America running out of key antibiotics and respiratory drugs for children amid “tripledemic”

The United States is running out of four key antibiotics and respiratory drugs for children, which doctors claim are essential for fighting off seasonal diseases.

Public health officials have declared a shortage of frontline antibiotics like amoxicillin and Augmentin – an antibiotic made up of amoxicillin mixed with clavulanic acid. Both drugs are used to treat bacterial infections like pneumonia, respiratory infections and strep throat. (Related: Emergency rooms packed with children sick with RSV due as amoxicillin shortage rages.)

According to the American Society of Health System Pharmacists, the U.S. is also experiencing shortages of Tamiflu and albuterol. The former is the most common medication given for influenza, and the latter is an inhaler for children with asthma to help them open up the airways in their lungs.

“Right now, we are having severe shortages of medications,” said Renae Kraft, a relief pharmacist working in Oklahoma City. “There’s no Tamiflu for children. There’s barely any Tamiflu for adults – and this is brand-name and generic.”

“As far as antibiotics go, there’s not a whole lot,” she added.

Public health officials have blamed the shortages due to increased demand caused by the recent surge in respiratory syncytial virus (RSV) and flu cases. These two diseases, coupled with a recent surge in the Wuhan coronavirus (COVID-19), have been called the “tripledemic.”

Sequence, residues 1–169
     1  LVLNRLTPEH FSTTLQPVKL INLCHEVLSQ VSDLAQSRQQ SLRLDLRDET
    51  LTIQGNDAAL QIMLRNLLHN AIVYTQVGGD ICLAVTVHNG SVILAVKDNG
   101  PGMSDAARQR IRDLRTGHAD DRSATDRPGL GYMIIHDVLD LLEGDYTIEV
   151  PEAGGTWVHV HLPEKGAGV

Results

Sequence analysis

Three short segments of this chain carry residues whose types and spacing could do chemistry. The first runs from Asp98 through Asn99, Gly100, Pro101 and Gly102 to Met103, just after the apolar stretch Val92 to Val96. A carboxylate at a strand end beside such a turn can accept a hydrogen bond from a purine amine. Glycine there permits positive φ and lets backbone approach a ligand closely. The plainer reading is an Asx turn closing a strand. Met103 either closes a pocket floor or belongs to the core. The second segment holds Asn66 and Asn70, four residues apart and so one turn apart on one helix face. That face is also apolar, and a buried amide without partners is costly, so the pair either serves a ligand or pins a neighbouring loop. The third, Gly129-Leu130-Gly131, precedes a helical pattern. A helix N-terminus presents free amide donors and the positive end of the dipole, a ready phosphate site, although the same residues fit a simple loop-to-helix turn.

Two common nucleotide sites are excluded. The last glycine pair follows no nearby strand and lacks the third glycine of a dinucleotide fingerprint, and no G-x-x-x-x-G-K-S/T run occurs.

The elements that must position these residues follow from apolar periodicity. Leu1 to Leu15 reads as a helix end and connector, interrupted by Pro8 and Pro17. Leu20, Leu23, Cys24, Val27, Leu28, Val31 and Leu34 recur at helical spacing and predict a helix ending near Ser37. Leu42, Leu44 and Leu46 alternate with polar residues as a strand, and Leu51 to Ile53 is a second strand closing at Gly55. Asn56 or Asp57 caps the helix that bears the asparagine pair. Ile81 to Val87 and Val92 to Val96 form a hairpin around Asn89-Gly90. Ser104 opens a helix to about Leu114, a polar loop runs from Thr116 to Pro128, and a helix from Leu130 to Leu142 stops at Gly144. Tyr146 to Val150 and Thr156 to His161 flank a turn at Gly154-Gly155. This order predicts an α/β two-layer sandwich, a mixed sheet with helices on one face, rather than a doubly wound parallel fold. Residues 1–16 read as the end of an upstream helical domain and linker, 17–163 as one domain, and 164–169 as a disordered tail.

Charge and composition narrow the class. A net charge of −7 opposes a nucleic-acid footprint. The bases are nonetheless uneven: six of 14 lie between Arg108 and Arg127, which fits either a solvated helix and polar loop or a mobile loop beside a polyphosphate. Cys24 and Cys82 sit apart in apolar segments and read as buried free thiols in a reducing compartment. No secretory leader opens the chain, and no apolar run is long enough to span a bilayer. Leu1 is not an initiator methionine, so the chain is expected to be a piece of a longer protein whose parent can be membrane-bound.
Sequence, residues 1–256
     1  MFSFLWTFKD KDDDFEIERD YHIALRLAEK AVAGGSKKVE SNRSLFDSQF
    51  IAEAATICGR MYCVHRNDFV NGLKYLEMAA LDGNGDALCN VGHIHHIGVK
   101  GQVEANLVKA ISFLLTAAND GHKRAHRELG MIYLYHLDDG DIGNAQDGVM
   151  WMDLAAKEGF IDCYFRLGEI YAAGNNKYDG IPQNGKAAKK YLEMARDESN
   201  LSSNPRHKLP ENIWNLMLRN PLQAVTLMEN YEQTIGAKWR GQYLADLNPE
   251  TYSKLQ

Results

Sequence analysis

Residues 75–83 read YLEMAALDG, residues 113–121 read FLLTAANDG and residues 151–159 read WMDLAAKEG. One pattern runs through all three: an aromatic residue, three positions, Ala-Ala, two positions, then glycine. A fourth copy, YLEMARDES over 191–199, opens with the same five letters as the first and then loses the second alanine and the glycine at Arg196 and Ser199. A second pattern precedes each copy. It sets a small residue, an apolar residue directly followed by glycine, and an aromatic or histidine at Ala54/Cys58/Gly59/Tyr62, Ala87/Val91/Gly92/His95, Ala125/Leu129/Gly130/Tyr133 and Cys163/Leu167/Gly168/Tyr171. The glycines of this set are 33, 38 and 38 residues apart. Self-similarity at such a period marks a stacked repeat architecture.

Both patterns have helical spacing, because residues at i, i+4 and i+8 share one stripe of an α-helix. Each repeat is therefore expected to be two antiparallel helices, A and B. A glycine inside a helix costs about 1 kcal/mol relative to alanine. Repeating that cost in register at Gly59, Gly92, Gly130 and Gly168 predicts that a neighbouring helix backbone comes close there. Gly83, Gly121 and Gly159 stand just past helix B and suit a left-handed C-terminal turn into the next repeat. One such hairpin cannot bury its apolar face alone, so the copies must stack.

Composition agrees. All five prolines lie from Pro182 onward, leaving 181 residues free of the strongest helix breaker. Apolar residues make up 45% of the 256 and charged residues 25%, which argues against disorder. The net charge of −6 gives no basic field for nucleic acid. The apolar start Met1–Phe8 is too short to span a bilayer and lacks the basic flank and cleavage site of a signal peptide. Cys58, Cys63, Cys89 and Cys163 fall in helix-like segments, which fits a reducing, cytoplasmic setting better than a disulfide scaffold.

“Anytime respiratory viruses kick up, people start prescribing antibiotics, even inappropriately, and that’s created a lot of demand. That wasn’t anticipated by the manufacturers of amoxicillin, so that’s led to shortages,” said Dr. Amesh Adalja, a senior scholar at the Johns Hopkins Center for Health Security.

Parents spend hours tracking down meds their children need

Kraft often works in rural areas, floating between pharmacies where extra help is needed.

On Monday, Nov. 21, Kraft came in to help one of the two pharmacies in Holdenville, a small town of less than 6,000, 65 miles southeast of Oklahoma City. At least 20 people came in that day to fill prescriptions for Tamiflu, only to be turned away because the store did not have any.

This situation is becoming more prevalent, as families with sick children spend hours driving from pharmacy to pharmacy trying to find a drug store that still has a supply of amoxicillin, Augmentin, Tamiflu, albuterol or a combination of the four.

Parents all over social media have noted that they are even having difficulty finding oseltamivir, the generic version of Tamiflu. Some parents in emergency rooms have reported waiting up to 15 hours or more just for their children to get the amoxicillin they need.

“In my 25 years of being a pediatrician, I’ve never seen anything like this,” said Dr. Stacene Maroushek, a pediatric infectious disease specialist working at Hennepin Healthcare in Minneapolis. “I have seen families who just aren’t getting a break. They have one viral illness after another, and now there’s the secondary effect of ear infections and pneumonia that are prompting amoxicillin shortages.”

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